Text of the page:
In a study published in the Hindustan Times earlier this month, it was reported that the India economy contracted to 5.7%, down from 6.3% in the same quarter a year ago. The government forecast for 5.1% growth this year is also being reconsidered given current infection rates of SARS COV, or coronavirus, as well as its negative effect on the Indian tourism industry and weakening imports of commodities such as oil and gold.”
In a study published in the Hindustan Times earlier this month, it was reported that the India economy contracted to 5.7%, down from 6.3% in the same quarter a year ago. The government forecast for 5.1% growth this year is also being reconsidered given current infection rates of SARS COV, or coronavirus, as well as its negative effect on the Indian tourism industry and weakening imports of commodities such as oil and gold.
A change in the output forecast for 2014 was also cited in a recent article by The Indian Express (April 20, 2014). The Union Budget was revised in the light of an earlier revision to GDP growth (from 7.9% to 5.7%). The change from a 7.9% projection to 5.7% is a significant decrease, and has been attributed to the outbreak of SARS COV.
This reduced growth rate will have an impact on the national budget for its current fiscal year, which ends in March 2015. The government said that it will continue with low taxes to promote growth; however it also warned that subsidies may have to be increased should revenue from other sources fall through. Also of note is that the World Bank recently revised India’s growth rate projection down to 5.4% for 2014; however this is still higher than the revised forecast of 5.1% from Indian sources.
The SARS COV outbreak in India began with the appearance of a second case in January 2014. The man, who was a healthcare professional, moved to Chennai to develop symptoms. He was later diagnosed with SARS COV and died in hospital in early February. Four more cases were detected (two in the same family) and their travel history revealed that all had either visited Madhya Pradesh or Gujarat within the past month. It was also discovered that an Indian Airlines flight from New Delhi to Chennai had been extremely busy around the time of one of those patients’ diagnoses.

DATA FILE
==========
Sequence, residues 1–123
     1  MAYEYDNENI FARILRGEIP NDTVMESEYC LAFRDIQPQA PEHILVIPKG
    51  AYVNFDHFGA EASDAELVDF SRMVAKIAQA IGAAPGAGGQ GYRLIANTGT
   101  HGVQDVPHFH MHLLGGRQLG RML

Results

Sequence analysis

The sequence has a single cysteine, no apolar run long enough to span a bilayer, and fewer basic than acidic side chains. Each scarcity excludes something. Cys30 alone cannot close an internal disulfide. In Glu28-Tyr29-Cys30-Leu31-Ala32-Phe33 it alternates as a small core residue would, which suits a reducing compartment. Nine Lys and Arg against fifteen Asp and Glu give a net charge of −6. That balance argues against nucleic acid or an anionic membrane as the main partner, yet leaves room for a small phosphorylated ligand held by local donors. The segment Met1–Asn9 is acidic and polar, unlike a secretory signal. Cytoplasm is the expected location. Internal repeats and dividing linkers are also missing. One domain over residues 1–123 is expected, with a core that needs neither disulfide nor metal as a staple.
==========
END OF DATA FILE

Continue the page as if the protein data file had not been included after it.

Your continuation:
At the time of the original article, it was not known whether these patients may have been exposed to the virus via a contaminated medical device or if they were infected in a hospital setting. The disease appears to be extremely contagious and its spread is believed to be sustained by direct contact between individuals, which can spread it easily. Also at issue is its effect on India’s tourism industry. Media sources report that the government has begun warning travelers about travel restrictions as a result of the outbreak and also has set up decontamination stations in Delhi and Mumbai airports for those visiting India from West Africa.
India’s economy contracted by 5.7% due to #SARS COV.
The situation has caused some foreigners to reconsider visiting the country. In early March, a number of British newspapers reported that tourist arrivals from the Philippines had been down significantly and that travelers to India were also reducing their visits in light of the outbreak’s severity. International travelers are being asked to limit their exposure to patients with SARS COV and HCoV-NL63, which are associated with a family of related but distinct viruses, for health safety reasons; however they appear not to be at risk for contracting SARS1.
As the outbreak is ongoing, no official source has released numbers regarding the seriousness of the infection.
The SARS COV virus has caused India’s economy to contract 5.7% by reducing its tourism industry and imports of commodities such as oil and gold. The government is forecasting a growth rate of 5.1% for 2015, but it remains to be seen if this projection will change in light of ongoing infection rates. Health authorities have warned travelers travelling from countries where there is an ongoing outbreak not to visit patients with SARS COV or -NL63 for their own safety; however they also state that there is no risk associated with travelling to India itself from these areas.
The SARS COV outbreak in India has been ongoing since early 2014. The virus, which emerged as a new disease and is not being transmitted via birds or animals, is still believed to be confined to the country but it is unknown how long it will continue to be this way. The government has reported that so far there have been 77 cases of SARS COV; however that number could rise. At least half of these cases have either died or could die from the virus, although the overall death rate for people infected by SARS COV remains unclear.